Right? Again, you seem to be living in a world with no windows. Theres, like, lots of goods out there.

"Poor people, on average, may prefer leisure, but on average, they also have smaller endowments."

But most lifetime income comes from earnings. This is just a distraction.

"Luxury goods, by definition, are things we don’t really need."

Analytically weak. You just said above that relative income matters. On your own argument, then, luxuries become needs.

"I would rather see a more reliable availability of necessities than a wider availability of luxuries."

By definition there are only a given set of necessities. Unless you are saying that necessities grow due to relative wealth ie everyone now needs a laptop etc.

"..about a less elegant version of Marx."

But he was spot on. Collectivists couch their statist views in econobabble about redistribution. Fundamentally, thats what ManQ was saying. Theyre just a watered-down version of Marx, so to speak.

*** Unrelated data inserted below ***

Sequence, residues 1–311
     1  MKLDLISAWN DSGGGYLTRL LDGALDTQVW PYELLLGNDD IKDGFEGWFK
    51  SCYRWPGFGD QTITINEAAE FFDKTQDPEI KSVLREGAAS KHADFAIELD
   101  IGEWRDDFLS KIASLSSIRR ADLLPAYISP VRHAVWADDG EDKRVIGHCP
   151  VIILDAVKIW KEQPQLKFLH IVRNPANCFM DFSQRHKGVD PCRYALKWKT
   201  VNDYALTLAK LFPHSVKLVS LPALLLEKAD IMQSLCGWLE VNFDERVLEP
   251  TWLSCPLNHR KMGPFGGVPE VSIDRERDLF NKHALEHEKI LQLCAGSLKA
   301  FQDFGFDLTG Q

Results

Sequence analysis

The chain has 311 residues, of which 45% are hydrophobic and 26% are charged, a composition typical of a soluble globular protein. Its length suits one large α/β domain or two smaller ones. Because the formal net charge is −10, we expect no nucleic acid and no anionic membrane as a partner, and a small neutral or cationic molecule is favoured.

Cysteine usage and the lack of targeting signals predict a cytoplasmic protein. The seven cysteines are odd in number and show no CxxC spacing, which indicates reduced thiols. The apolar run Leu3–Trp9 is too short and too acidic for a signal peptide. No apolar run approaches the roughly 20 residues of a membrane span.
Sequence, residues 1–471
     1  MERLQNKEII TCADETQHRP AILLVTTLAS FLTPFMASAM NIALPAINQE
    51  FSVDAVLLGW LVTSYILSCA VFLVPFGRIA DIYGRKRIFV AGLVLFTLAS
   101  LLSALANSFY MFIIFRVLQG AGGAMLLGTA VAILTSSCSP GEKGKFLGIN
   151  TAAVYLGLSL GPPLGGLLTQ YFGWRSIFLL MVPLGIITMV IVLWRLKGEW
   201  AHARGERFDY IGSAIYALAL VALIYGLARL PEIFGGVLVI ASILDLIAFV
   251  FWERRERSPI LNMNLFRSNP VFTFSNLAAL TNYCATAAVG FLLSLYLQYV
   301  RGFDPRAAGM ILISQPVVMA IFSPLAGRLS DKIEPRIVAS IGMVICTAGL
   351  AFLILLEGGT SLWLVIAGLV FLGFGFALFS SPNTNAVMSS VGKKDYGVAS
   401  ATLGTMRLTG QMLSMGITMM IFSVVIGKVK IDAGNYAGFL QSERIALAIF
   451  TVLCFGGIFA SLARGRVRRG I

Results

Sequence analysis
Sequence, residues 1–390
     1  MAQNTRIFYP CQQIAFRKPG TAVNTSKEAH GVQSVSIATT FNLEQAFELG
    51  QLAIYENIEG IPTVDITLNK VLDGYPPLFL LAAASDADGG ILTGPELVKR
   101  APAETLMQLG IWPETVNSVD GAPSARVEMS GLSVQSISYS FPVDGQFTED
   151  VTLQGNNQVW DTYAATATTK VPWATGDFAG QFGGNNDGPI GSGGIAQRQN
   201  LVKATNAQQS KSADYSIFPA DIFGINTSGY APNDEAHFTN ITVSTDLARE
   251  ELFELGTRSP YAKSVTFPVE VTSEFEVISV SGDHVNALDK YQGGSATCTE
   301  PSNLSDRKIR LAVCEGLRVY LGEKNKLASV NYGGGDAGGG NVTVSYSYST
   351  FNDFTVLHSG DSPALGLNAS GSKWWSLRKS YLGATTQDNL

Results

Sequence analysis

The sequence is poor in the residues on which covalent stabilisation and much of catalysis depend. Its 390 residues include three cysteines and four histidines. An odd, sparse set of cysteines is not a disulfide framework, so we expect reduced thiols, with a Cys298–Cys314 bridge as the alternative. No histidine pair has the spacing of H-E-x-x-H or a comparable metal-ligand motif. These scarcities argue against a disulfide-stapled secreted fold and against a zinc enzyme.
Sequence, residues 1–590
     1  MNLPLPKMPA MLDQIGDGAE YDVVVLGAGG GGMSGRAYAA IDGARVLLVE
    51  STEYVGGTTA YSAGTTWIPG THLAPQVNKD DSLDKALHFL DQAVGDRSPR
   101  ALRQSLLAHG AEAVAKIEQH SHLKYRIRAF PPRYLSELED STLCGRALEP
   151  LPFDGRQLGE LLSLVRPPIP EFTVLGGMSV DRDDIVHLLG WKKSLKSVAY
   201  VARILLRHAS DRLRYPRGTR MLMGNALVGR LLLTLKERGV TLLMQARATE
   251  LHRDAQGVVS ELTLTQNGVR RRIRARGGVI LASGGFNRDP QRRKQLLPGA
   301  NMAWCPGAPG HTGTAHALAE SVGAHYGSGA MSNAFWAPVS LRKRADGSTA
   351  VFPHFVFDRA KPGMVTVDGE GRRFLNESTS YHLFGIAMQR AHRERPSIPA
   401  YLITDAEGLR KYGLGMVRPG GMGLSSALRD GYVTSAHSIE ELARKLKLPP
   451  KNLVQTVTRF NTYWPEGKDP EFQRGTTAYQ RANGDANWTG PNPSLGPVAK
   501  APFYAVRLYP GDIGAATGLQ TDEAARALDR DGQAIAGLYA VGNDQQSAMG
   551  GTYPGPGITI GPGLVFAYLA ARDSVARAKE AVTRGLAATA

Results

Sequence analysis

" I’ve always though Marx was full of crap"

Did you see Krugmans latest column. Believe me, its worse than Marx; at least Marx had a coherent vision. Today, Krugman was basically saying free-market policies are bad for your health. (He can't trash the economy, alas). Marx wouldnt plunge this low, to make his case.

"The point about a stable labor share is interesting, but (1) the fact that it has been true historically does not imply that it will continue to be true – today’s deviation already seems more persistent than what we’ve seen in the past;"

Well for you, knzn, to dismiss parenthetically prob one of the most robust empirical results of the literature as simply "interesting". Interesting, mind you.

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Very interesting blog. Alot of blogs I see these days don't really provide anything that I'm interested in, but I'm most definately interested in this one. Just thought that I would post and let you know.

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Thu Sep 27, 08:52:00 AM EDT